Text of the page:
There’s an article on DMN from about a week ago about a songwriter Ellen Shipley. She’s complaining about the amount of royalties she receives as co-writer of a song that has been played 3 million times on Pandora recently. The problem is, she’s mad at Pandora, when her gripe is really with SoundExchange and the record companies. They’re the ones that decide what happens to the performance royalties that get paid by Pandora, and how they get parsed out to performers versus songwriters and co-songwriters.
I’ll bet someone from her record company called her right up to explain that to her..
There’s been a line of artists complaining recently about the paltry amounts of money they are receiving from Pandora and other streaming services, prompted by the proposed Internet Radio Fairness Act. I’ve written about that, and would like to leave that debate to one side for the moment and talk more about the responsibility that the musician has to become their own business, and take responsibility for their own income, especially if they are unhappy with the size of the checks that are arriving in the mail.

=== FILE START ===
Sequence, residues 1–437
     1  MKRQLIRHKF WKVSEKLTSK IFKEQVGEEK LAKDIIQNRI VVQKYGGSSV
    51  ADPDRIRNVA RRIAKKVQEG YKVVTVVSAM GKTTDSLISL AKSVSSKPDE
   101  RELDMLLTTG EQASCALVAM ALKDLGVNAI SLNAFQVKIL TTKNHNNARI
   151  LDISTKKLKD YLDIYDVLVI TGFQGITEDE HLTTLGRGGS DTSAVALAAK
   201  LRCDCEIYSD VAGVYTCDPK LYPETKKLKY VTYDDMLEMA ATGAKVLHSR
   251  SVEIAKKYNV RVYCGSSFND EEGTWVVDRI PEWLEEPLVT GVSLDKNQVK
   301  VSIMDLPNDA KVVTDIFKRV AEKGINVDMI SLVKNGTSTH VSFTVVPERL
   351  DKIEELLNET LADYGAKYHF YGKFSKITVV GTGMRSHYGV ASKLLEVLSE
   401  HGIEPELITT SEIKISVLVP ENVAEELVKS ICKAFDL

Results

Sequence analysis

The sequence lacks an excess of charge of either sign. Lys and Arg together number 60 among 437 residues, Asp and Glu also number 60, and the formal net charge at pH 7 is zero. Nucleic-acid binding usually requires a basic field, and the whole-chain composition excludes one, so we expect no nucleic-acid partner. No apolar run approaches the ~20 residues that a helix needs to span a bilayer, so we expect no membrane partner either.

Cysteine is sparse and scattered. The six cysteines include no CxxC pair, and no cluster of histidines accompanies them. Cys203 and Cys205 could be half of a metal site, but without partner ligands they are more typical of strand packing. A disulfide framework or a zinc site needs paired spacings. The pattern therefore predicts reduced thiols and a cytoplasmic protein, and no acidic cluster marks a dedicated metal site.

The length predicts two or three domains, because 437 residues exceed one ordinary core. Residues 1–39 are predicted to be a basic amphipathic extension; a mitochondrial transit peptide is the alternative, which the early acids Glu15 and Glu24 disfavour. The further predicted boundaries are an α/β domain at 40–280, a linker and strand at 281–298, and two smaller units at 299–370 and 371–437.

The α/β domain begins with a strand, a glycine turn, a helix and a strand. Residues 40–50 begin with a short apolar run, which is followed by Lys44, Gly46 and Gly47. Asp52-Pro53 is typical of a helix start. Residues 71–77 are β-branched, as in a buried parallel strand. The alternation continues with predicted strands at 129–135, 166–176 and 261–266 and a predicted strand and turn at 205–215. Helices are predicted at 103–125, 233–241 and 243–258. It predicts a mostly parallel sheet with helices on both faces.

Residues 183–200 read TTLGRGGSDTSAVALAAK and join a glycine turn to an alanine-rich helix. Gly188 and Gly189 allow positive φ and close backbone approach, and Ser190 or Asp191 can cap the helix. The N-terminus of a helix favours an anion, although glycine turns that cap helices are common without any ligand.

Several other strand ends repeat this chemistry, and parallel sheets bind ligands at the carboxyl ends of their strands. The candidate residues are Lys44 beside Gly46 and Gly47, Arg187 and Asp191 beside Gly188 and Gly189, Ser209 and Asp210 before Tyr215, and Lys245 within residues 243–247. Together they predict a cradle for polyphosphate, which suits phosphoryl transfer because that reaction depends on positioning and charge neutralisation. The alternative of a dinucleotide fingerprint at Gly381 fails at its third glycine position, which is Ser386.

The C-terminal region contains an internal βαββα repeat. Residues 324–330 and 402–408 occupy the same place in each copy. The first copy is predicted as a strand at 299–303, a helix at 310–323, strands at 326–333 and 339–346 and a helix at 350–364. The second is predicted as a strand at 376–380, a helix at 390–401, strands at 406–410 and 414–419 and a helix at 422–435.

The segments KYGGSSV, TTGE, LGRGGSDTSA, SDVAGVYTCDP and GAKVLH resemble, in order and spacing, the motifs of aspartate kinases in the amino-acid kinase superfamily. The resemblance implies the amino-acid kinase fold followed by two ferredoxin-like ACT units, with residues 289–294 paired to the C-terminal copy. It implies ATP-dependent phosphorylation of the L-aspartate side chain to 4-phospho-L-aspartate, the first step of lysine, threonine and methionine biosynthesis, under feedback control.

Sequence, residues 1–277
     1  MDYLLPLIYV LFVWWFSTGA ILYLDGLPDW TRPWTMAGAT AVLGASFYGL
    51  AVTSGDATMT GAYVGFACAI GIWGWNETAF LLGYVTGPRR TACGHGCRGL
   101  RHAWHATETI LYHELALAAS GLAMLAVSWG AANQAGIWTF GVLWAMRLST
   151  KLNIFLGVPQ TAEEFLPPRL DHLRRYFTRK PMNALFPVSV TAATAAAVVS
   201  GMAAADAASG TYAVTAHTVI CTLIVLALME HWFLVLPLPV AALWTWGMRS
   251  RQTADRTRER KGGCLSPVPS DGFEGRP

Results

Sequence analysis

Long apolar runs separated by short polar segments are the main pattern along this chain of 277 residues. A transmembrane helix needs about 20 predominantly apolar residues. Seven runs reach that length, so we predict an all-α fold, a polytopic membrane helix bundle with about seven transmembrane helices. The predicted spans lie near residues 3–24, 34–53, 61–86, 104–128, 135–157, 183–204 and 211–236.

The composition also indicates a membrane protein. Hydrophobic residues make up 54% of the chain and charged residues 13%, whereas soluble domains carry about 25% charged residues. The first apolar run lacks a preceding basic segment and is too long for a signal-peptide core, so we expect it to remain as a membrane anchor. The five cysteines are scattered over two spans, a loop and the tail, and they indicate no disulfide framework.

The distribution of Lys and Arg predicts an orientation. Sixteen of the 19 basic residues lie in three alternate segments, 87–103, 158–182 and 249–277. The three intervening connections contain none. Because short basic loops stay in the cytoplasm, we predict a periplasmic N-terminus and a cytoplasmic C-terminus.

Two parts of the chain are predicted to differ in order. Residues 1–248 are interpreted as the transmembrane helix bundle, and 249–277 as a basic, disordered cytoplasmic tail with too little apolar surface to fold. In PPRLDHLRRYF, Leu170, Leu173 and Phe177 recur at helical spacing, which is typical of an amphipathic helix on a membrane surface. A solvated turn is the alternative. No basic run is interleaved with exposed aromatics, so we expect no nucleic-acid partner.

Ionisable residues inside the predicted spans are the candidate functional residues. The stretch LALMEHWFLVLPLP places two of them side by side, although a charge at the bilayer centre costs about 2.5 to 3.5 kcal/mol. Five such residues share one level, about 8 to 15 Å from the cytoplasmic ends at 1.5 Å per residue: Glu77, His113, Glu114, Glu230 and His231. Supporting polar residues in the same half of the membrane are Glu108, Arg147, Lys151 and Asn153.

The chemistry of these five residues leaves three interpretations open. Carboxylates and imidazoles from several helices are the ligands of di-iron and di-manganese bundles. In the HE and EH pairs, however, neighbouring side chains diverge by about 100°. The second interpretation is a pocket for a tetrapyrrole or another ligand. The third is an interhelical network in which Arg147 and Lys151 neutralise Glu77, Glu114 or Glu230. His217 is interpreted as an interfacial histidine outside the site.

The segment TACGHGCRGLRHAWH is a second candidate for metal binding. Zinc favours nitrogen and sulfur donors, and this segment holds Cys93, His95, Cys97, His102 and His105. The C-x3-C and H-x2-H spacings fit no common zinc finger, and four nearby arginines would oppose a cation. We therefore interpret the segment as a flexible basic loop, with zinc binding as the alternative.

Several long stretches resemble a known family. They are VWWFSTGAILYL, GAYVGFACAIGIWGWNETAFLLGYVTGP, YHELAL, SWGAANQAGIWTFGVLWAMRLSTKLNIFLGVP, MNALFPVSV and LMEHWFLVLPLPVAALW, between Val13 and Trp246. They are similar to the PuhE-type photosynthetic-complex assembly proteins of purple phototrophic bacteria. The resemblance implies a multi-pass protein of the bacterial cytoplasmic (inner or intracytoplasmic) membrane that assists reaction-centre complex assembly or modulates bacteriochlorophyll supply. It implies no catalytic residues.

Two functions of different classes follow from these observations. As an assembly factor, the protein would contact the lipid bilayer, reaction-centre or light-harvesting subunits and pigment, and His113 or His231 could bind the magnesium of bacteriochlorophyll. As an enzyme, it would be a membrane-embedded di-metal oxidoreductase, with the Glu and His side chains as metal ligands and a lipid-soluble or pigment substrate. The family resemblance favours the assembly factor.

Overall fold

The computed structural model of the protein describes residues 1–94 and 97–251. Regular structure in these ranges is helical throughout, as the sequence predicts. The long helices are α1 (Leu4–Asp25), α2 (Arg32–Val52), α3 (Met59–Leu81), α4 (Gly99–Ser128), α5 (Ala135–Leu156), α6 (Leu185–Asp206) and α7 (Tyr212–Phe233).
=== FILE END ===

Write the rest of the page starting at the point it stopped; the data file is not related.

I started thinking about this after I read an article on NPR’s blog about some musicians that are promoting themselves and getting paid for their performances on Kickstarter and similar platforms. Singer and performer Amanda Palmer was one of the first to use Kickstarter and raised over a million dollars for her new album. Other bands, like A House For Lions, produced a video, as well as t-shirts and other promotional items that they sell online through Ignition Deck. It’s a lot of work, but they consider it part of their business.
Artists like Amanda Palmer and A House For Lions aren’t just sitting around waiting for their check to arrive in the mail, and then complaining about it. They are managing their businesses which happen to be music and asking their audiences to pay for their product which happens to be songs. Here’s the video that A House For Lions made to promote their album and ask their fans to donate: